Founders’ Friday: Five litigation tips every business owner needs to know.

Enrico Schaefer - December 5, 2017 - Complex Litigation, Trial Attorney Tips


Complex litigation attorney Enrico Schaefer shares five (5) tips for company founders and business owners.  Watch the video below.

  1. How to document your litigation strategy by identifying and prioritizing specific goals.
  2. Litigation is a five lane highway. Don’t let your trial attorney drift from shoulder to shoulder, billing hours and wasting time.  Pick a lane and stay in it.
  3. Your lead trial attorney is the captain of the ship.  There can only be one captain. Compromise on strategy rarely works.  (see ‘pick a lane’ above).
  4. Leave your emotions on the sidelines.  Make smart business decisions.  Your attorney should never play into your emotions, but instead make sure you are making rational decisions, and pushing back as necessary. Attorneys who add fuel to your emotions, are typically just looking to bill more hours.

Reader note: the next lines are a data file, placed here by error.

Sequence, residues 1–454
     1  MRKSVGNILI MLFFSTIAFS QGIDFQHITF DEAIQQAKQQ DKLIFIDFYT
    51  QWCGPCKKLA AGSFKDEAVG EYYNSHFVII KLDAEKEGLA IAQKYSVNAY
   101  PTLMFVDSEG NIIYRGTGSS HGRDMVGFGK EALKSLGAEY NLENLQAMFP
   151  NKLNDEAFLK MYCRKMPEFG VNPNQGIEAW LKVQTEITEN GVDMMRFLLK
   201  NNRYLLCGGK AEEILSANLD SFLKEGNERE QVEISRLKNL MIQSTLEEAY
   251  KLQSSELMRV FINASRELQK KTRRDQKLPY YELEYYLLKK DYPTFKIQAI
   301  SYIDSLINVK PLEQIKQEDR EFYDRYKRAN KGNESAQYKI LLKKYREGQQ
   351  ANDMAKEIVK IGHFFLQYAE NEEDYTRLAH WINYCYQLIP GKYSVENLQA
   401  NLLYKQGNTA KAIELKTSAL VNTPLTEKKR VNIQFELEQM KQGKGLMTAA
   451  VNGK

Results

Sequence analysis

5. Filing a lawsuit is not simply filing paper in court.  The soft cost of litigation can be the most expensive item.  Be ready to provide time, money and resources to your attorney, making sure you are always providing everything required and getting the facts 100% complete and correct.  One fact, one email one document can turn a winning case into a losing case.   Make sure your attorney knows everything and let the lawyer judge what is, and is not, important.

Welcome to Founder’s Friday, my name is attorney Enrico Schaefer.  I am a litigation attorney in technology specializing and founder representation at the law firm, Traverse Legal.  We are a national law firm, handling clients across the globe on complex litigation, intellectual property and tech matters. 

Today, we are going to be talking about something that is a little unusual, but for founders of companies, you are the ones that have to make really strategic decisions about a number of different things, including litigation.  Sometimes litigation becomes inevitable.  It’s rarely something that companies and founders are looking to become involved in, but it can be something that comes across the path and you have to deal with it.